By 1827, fully organized sporting meetings were taking place. In September that year, many special events were staged at Pontefract. According to some of the popular and widely read publications of the time, these special racing occasions were fashionably’ attended by several hundreds of fans from the whole region. 

Since 1827, racing events have taken place at Pontefract despite little interruptions spaced by several decades. Particularly, there were no sporting activities held during the war years since the racing grounds were used for military purposes. Further, the racecourse is also widely liked for its hospitality facilities. Most notably, Pontefract dining and accommodation facilities are one of the very best in West Yorkshire.

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Contact details: Pontefract Park Race Co Ltd, Administration Offices, Pontefract Park, Park Road, Pontefract, West Yorkshire, WF8 4QD

Tel: 01977 781307

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Wincanton Racecourse: Website, Twitter Link & Facebook Page

wincanton racecourse, wincanton members, wincanton ladies day,
Wincanton Racecourse is racing a facility for thoroughbred horse horses situated in Wincanton, Somerset, in England. This exquisite steeplechase course is an excellent test for a daring chaser. Three prominent fences in a breathtakingly quick succession in the 2nd half of the well-laid-out home-straight make for thrilling racing making dramatic finishes.

The track stages many notable races, including the Kingwell Hurdle every February. The CGA Chase (formally the Jim Ford Challenge Cup, run for the last run in 2012) was staged on the same day. These well-attended racing events are important trials for the Champion Hurdle and Cheltenham Gold Cup. Many of these races are televised.

Wincanton track is positioned close to leading trainer Paul Nicholls. As such, most of his novice horses run at this course.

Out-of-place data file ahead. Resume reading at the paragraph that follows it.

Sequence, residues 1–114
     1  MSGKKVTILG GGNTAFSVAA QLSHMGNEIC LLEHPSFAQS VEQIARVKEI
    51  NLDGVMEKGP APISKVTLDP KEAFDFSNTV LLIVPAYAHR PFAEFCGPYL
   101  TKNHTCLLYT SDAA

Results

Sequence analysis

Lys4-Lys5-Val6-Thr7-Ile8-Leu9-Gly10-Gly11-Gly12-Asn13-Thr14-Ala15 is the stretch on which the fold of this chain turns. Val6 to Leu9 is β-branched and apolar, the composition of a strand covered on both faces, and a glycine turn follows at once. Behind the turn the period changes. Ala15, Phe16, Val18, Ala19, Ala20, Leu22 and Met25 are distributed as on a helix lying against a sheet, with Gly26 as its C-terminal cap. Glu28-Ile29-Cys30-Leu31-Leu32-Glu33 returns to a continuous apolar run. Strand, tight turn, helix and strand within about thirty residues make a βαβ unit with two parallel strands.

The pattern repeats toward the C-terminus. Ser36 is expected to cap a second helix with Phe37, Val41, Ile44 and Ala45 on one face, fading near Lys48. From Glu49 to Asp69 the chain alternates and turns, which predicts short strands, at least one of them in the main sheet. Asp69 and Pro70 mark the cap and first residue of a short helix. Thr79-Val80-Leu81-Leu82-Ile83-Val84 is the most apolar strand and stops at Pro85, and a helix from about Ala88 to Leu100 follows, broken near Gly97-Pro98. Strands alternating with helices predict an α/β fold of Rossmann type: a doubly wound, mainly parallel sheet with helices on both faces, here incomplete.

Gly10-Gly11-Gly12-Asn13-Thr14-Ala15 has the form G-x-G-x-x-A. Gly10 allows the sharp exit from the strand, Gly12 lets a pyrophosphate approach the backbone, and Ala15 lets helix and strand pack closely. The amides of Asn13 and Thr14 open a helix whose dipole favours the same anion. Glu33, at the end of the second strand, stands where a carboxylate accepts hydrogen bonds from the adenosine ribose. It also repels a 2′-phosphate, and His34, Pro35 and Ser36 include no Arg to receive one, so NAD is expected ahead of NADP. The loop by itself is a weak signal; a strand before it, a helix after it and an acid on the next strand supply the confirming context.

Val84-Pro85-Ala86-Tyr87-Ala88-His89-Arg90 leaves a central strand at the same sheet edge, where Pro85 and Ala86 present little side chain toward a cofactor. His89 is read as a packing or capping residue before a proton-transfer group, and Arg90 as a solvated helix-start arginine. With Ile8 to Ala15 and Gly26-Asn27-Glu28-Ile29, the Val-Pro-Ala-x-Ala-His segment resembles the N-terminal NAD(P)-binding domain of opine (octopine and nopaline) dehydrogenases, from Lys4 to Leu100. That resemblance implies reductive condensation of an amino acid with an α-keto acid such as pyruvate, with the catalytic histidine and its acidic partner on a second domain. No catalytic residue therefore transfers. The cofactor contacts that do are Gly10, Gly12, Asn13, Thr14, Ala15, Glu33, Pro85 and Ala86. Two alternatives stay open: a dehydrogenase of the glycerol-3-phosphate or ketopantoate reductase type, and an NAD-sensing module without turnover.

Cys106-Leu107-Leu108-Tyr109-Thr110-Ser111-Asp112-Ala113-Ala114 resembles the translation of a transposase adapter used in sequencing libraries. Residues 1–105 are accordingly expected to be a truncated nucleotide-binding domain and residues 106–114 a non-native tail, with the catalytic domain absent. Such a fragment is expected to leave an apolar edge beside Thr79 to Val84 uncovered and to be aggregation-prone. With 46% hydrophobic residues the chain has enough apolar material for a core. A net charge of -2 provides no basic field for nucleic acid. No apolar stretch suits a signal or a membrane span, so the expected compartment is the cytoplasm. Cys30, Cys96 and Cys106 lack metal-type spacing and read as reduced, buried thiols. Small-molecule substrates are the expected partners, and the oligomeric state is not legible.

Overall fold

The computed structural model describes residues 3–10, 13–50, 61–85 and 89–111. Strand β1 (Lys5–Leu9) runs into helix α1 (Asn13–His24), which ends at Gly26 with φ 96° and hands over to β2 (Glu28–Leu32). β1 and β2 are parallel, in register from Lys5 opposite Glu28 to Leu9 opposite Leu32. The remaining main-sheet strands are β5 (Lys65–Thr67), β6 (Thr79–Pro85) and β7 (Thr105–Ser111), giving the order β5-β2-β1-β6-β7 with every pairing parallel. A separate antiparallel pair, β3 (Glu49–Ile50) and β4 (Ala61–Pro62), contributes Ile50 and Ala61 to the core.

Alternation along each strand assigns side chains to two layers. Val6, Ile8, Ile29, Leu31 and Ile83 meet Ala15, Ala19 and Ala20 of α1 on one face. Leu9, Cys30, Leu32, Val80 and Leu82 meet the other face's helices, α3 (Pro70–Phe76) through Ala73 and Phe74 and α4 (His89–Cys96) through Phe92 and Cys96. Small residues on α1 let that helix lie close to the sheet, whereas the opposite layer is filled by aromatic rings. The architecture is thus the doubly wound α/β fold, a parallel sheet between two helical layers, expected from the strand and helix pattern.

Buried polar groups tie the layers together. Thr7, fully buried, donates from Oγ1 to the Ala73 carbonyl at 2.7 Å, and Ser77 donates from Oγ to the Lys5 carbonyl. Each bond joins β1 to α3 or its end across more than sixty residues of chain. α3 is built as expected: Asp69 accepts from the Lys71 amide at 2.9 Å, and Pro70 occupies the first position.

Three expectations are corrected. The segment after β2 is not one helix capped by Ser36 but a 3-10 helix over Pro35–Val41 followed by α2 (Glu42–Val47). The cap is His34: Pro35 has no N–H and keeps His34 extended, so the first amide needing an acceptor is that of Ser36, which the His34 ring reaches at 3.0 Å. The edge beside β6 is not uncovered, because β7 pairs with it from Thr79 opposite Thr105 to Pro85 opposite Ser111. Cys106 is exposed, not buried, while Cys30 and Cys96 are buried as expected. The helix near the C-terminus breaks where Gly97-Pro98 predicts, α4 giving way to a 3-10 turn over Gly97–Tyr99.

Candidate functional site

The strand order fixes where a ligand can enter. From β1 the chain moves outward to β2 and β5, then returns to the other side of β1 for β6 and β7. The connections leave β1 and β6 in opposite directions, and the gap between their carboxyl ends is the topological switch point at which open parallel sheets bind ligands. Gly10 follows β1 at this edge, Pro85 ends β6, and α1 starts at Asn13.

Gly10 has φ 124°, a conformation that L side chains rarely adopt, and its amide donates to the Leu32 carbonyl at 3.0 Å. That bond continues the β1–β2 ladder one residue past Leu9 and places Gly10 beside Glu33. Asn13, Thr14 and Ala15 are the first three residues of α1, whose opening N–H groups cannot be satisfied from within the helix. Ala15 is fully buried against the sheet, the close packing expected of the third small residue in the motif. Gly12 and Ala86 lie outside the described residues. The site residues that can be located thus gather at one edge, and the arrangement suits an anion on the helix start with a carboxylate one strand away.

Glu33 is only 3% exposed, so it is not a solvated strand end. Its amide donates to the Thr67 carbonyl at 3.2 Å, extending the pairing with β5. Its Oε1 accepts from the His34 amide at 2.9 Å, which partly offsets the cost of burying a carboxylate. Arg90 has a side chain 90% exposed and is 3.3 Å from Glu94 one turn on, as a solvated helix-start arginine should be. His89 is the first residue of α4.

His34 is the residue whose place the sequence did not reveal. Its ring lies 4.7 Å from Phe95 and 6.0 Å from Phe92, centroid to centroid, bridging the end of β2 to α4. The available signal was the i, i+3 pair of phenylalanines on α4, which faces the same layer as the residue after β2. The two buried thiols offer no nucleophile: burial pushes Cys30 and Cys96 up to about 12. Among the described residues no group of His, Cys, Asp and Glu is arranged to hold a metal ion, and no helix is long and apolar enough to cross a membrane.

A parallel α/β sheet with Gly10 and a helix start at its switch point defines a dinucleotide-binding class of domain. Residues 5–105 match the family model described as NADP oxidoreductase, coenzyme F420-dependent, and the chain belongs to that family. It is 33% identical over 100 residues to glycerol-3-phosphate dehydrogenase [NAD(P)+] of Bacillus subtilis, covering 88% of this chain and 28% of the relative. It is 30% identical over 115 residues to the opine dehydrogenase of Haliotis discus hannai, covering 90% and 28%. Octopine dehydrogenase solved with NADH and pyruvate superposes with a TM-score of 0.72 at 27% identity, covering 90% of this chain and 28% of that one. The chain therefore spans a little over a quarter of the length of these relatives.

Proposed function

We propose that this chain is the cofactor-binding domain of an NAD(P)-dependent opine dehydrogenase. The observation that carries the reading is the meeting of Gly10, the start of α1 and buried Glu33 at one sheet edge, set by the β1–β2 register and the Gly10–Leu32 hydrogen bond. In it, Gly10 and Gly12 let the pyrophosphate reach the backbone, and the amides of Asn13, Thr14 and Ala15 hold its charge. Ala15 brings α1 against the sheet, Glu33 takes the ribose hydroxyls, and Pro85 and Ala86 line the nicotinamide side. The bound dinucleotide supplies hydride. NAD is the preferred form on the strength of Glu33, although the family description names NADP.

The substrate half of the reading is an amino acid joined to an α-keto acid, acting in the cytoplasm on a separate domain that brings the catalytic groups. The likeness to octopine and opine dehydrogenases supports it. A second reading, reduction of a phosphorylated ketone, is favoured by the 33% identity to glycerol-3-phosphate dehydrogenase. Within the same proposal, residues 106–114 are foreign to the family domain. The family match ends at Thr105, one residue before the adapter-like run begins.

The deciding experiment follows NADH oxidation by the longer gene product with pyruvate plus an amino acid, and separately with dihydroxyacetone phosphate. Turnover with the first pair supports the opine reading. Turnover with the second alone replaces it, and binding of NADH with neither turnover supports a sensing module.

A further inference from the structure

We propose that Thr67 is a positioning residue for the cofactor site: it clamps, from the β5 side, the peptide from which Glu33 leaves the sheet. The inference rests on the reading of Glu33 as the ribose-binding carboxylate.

Besides thrilling racing fixtures, Wincanton has numerous rooms for both social and hospitality services. The well-furnished rooms can be rented on a room-only basis or they can be tailored in terms of delegate packages to meet your personal requirements. Each single room may be used in a wide range of seating layouts for private discussion groups, corporate gatherings or even community-based workshops. In order to book a room at Wincanton, guests/clients are advised to contact the management.

Wincanton Racecourse is very popular and open to the general public throughout the year. As such, this acclaimed facility has hospitality for all the winning connections on a racing day. 

The famous Directors Suite may be used for receiving guests and serving both alcoholic and non-alcoholic drinks for both large and small groups or specially invited guests. These rooms contain hi-tech and optimally customized offers such as racing flipcharts and plasma screens that televise track events and other sport-related programs from all over the world.

Additionally, Wincanton offers a uniquely client-oriented backdrop for both corporate conferences and social events such as wedding functions. Whether you are holding an award ceremony or staging a groundbreaking exhibition, then Wincanton is the ideal place to hold your memorable occasion. With a wide range of options, clients have a couple of rooms to choose depending on the size of their event. 

Unlike other racing facilities out there, Wincanton provides a tranquil and undisturbed atmosphere for highflying delegates convening for an important conference. With many access routes, Wincanton is the best place for everyone out there.